Blog Assignment 3: Empathy, Real or Apparent

Just before the dramatic finale, Jake visits Carl Lee in his barren cell, to admit their inevitable defeat. The lighting is low in this scene, with minimal decoration and furnishings in the cell. The camera pans only between the faces of the two men, emphasizing the stark contrast in their appearances. Jake is dressed in a pressed suit, looking every bit the attorney, and Carl Lee is sweaty, in a dirty shirt and pants. This setting is paramount to the upcoming conversation, because this is essentially the profession of the movie’s theme.

“They see you, they see a yard worker. They see me, they see an attorney.” -Jake Brigance (A Time to Kill)

The dramatic language used throughout their conversation is meant to invoke empathy in the viewer not only for Carl Lee Hailey, but also for the plight of African Americans. Carl finally gets through to Jake that they are not friends, and that no matter his pretty professions of equality, he is one of the “bad guys”.

“Fact is, you just like all the rest of them.” -Carl Lee Hailey (A Time to Kill)

The harsh accusation towards the man who has become the hero of the movie is understandably shocking, which is the point exactly. Throughout the movie the audience cheers Jake on for his determination to defend the man who avenged his daughter’s rape and attempted murder. On the surface Jake is nothing like the two men who raped Carl’s daughter, but Hailey argues that they hold the same fundamental beliefs, as all white people are raised to see black people as less than themselves.

“When you look at me, you don’t see a man…you see a black man.” -Carl Lee Hailey (A Time to Kill)

Carl makes an important point for the viewers here that still holds much relevance today. Because Jake refuses to see the racism in his inherent beliefs, he cannot win the court case. It isn’t until he acknowledges that he is in fact one of the white people who can never fully understand the struggle of being oppressed by an entire nation that he finds the words to win the case. By examining his own white privilege, he finds the words he knows will cause the jury to release Carl Lee. This epiphany is supposed to translate to the viewers of the movie, and encourage them to examine their own actions and the world they live in critically. It invokes the principle of the judicious spectator, but instead of the court room, to examine the structure of society, and the institutionalized racism found within much of the country.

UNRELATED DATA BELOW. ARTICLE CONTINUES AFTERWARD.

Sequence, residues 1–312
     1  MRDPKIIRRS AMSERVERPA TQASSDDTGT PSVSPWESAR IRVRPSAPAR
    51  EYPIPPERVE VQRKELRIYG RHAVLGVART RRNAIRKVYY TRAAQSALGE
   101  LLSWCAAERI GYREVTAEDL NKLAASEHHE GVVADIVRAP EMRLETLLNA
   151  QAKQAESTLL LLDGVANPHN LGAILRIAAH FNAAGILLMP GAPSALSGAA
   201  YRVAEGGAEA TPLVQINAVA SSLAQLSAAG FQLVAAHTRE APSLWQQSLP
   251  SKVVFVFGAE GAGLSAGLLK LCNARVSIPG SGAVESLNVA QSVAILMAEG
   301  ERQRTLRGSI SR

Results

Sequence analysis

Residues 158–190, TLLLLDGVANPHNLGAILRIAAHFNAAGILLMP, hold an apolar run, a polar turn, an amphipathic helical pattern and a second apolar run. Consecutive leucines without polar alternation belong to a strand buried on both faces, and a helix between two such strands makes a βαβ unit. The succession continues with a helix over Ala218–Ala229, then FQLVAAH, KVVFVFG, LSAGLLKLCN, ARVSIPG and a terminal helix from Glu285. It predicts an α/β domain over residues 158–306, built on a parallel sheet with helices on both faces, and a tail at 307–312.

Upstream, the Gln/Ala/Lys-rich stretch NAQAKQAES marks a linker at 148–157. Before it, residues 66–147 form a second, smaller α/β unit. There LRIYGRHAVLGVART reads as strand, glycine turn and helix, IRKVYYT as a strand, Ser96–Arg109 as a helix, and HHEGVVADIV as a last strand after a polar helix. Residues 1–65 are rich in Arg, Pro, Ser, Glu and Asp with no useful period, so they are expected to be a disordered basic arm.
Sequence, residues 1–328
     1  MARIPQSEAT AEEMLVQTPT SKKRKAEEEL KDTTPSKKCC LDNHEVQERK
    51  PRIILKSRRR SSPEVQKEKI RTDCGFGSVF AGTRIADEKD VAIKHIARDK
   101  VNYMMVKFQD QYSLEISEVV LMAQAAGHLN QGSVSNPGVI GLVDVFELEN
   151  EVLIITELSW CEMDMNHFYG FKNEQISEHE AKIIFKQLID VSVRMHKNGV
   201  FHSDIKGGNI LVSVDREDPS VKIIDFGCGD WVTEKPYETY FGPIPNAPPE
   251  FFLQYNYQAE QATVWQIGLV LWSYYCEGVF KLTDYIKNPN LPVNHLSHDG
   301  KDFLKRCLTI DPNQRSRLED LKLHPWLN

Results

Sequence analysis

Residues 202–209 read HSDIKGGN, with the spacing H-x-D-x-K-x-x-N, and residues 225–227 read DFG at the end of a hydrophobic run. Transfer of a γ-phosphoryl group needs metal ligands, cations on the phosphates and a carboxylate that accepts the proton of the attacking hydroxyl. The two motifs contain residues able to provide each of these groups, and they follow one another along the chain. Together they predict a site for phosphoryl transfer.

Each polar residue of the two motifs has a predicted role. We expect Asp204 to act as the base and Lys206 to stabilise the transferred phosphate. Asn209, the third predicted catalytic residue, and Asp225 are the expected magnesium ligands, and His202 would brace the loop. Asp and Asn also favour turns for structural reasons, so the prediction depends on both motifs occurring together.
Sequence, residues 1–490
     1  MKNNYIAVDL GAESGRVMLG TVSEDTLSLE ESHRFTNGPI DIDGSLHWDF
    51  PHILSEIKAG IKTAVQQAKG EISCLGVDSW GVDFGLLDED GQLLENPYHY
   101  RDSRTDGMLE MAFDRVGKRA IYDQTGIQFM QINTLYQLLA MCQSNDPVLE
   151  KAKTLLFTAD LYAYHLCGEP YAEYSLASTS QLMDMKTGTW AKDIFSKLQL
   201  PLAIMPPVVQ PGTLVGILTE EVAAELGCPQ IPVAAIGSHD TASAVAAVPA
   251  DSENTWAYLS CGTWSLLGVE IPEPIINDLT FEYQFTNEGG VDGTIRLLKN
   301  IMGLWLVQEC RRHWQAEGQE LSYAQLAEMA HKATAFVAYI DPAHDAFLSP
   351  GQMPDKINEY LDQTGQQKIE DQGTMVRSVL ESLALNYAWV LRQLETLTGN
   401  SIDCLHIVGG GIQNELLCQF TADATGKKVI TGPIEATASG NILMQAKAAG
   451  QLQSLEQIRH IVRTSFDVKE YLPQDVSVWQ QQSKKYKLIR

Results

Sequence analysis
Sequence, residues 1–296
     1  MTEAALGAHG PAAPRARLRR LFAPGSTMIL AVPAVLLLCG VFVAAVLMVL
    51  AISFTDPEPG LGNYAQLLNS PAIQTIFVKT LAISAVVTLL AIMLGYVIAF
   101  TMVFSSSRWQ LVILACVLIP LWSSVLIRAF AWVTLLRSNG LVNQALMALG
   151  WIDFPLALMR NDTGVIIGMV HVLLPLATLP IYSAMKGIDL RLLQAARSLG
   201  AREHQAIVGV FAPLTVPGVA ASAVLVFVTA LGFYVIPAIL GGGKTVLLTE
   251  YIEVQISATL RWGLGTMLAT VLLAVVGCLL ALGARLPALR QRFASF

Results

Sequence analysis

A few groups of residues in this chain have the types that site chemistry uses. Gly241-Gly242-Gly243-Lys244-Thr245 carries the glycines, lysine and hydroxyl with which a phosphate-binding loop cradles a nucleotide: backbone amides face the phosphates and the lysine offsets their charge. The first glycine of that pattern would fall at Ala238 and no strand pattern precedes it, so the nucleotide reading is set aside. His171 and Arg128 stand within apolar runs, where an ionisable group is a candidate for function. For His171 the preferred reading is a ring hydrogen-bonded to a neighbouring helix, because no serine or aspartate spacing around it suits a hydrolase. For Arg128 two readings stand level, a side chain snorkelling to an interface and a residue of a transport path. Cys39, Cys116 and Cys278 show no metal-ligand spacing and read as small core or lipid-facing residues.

“America is a wall, and you on the other side.” -Carl Lee Hailey (A Time to Kill)

Without commenting on the application this scene and quote have for current politics, this last line calls into question everything Jake (and the viewers) know about the United States. The “American Dream” and the promise of Ellis Island were renowned around the world, but this blind optimism serves to cover the underlying problems within the integrity of the nation. Idealistic views about the “land of the free and the home of the brave” minimize the importance of critically analyzing the motions of the government. The poignant line is intended to invoke a sense of righteous indignation for the state of our wonderful country, and further rally the viewer behind Jake’s cause to set Carl Lee free–as if getting him acquitted proves that good still exists in America.

Works Cited

A Time to Kill. Dir. Joel Schumacher. Perf. Matthew McConaughey, Sandra Bullock, Samuel L. Jackson and Kevin Spacey. Warner Bros., 1996. Web. 18 Sept. 2016.

8 thoughts on “Blog Assignment 3: Empathy, Real or Apparent

  1. I agree with the author. The fact that this Carl Lee’s accusation seems to change the way Jake Brigance attacks the jury. At first, the case is solely presented to the jury with facts, or logos. After this tipping point of a conversation, Jake Brigance seems to target his argument at empathy, and making the jury feel exactly what Carl Lee felt. This ultimately led to the victory of the trial. Jake takes what Carl accuses him of to heart, as he had assumed the opposite. Then he changes his tone and approach with the jury to win the case. I believe that this scene is not only crucial to the victory of the defendant, but also a change in heart and perspective of the audience.

    The audio was interestingly blocked throughout this scene. There was a significant lack of music and background noises during the conversation, creating a deadened, sobering feel. This coincides with my agreement with the author. The lack of music allows it to stand out from the others, effectively increasing its meaning.

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